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noSQL, SQL, and mo’SQL – Big Data Complexities for Sci. Comp. in Oil and Gas
September 22, 2014 @ 6:45 pm
noSQL, SQL, and mo’SQL – Big Data Complexities for Scientific Computing in the Oil and Gas Industry
David M. Butler, PhD
President and Founder
Limit Point Systems, Inc.
<b style=”font-size : 16px”>Agenda
*** Bring ID (e.g. Driver’s License) for eBay Security ***
6:30 Doors Open, Food & Networking
*** Please arrive by 7 PM due to Security ***
The explosion of interest in the so-called “noSQL” category of tools for managing ”Big Data” has finally reached such a crescendo that even the Wall Street Journal is reporting on it. And for good reason – there are commercially important applications where the complexity and effort of establishing a relational schema and using SQL just doesn’t pay off. The structure of the data and the access patterns in the application just aren’t complex enough, or understood well enough, to justify the effort.
But this clearly isn’t the whole picture. There are classes of applications for which the Structured Query Language isn’t structured enough. The data universe in these applications is more structured, more complex, than the tables, rows, and columns provided by the relational data model. The category of applications generically referred to as “scientific computing” is a major example. These applications produce Big Data at whatever size the infrastructure will bear. Most of this data represents what a physicist would call a “field”, that is, some property that depends on space and/or time. Not to be confused with what a data base administrator might call a field, a physics field has a rich mathematical structure, including topological, geometric, and algebraic features, that can not be usefully described by only the tables of the relational data model. Hence, what scientific computing needs is a /more/ Structured Query Language that can directly describe all this mathematical structure. To continue the naming theme established by noSQL, we’ll call this language “mo’SQL”.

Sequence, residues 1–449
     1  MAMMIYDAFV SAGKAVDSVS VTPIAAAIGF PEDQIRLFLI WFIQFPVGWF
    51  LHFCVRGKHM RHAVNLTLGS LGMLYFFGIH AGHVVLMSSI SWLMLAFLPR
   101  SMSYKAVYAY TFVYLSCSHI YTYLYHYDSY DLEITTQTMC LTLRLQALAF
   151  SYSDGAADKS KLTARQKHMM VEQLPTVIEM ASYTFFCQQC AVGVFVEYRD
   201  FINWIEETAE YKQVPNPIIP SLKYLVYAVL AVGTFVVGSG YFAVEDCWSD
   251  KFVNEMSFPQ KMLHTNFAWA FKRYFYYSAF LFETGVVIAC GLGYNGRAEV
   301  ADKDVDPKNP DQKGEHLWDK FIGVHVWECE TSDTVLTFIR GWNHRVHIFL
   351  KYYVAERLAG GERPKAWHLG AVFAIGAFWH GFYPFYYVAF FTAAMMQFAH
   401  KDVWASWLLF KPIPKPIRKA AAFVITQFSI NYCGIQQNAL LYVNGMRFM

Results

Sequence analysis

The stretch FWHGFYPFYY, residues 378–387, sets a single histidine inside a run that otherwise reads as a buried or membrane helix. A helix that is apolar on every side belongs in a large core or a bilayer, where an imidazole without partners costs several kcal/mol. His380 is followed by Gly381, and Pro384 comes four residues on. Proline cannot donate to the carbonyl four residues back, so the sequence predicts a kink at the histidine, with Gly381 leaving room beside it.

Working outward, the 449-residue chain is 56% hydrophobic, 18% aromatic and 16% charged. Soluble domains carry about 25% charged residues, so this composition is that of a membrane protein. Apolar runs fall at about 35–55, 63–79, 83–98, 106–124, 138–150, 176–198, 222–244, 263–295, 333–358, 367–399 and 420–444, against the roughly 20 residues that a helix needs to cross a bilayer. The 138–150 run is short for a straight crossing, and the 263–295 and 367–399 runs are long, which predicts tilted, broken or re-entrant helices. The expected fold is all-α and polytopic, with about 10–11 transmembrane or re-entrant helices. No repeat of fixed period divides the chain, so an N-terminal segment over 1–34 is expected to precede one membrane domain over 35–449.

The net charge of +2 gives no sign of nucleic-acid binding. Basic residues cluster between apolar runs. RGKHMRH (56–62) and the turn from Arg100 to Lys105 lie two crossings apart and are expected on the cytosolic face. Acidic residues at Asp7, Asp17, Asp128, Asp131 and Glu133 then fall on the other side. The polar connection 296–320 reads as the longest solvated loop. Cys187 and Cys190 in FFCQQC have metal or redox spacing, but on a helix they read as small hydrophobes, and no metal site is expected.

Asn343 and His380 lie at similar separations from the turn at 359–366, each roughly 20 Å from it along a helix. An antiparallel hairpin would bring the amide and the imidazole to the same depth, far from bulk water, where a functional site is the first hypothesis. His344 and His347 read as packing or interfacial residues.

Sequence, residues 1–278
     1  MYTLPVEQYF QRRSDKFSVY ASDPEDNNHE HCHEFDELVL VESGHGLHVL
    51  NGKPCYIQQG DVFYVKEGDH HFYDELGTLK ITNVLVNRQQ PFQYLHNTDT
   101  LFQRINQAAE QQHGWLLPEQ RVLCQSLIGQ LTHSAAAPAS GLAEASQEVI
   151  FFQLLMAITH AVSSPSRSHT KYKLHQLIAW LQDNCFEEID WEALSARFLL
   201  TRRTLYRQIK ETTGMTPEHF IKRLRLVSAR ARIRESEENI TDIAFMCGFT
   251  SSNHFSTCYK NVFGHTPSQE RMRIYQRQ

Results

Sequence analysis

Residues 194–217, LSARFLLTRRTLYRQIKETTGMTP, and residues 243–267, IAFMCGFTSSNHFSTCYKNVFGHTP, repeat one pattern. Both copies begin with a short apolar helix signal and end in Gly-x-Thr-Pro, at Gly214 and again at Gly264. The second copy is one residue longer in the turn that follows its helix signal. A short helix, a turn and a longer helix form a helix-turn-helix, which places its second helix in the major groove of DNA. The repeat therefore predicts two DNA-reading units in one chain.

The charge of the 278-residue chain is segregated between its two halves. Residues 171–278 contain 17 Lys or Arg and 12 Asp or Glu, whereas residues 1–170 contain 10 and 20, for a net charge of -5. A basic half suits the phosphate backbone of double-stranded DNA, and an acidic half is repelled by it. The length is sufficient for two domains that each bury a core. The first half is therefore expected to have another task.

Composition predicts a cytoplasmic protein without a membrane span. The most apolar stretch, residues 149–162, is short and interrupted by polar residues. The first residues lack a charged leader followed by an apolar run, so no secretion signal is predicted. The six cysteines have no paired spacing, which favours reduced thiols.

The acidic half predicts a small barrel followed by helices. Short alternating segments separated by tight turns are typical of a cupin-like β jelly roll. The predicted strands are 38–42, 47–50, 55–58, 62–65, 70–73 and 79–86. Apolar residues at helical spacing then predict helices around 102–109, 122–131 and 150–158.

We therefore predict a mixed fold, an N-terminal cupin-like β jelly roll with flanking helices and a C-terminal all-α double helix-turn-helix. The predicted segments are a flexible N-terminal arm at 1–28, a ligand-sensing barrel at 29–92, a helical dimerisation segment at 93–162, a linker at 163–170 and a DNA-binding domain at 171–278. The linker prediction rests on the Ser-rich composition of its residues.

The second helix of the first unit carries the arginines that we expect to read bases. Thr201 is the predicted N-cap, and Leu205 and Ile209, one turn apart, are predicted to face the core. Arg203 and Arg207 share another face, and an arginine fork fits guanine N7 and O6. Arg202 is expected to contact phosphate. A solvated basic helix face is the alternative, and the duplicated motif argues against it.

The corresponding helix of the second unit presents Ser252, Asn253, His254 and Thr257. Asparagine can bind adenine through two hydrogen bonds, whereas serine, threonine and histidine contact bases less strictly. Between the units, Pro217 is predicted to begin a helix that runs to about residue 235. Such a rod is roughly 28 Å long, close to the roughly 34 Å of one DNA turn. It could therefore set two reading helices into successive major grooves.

We begin this talk by briefly reviewing the definition and meaning of “data model” and the strategic role a data model plays in the design and implementation of data management software. We introduce the notion of the “data model spectrum” describing the mathematical structures captured by various data models, show where scientific computing fits in this spectrum, and derive a set of requirements for mo’SQL. We continue by introducing the sheaf data model, a fundamental mathematical data model designed to meet these requirements. We describe various features of the data model and their implementation in the open source SheafSystem™ using examples drawn from the oil and gas industry – a major consumer of scientific computing. We end with a brief description of current work in collaboration with Prof Magne Haveraaen at the University of Bergen’s Language Design Laboratory to define mo’SQL as a query language for the sheaf data model.
President and Founder of Limit Point Systems, Inc. Dave has a PhD in Physics and more than 30 years experience in developing “systems for processing scientific data” in a wide range of application areas. His work has emphasized research and development in data models for scientific computing, software architecture, and programming in C++ and a variety of other languages.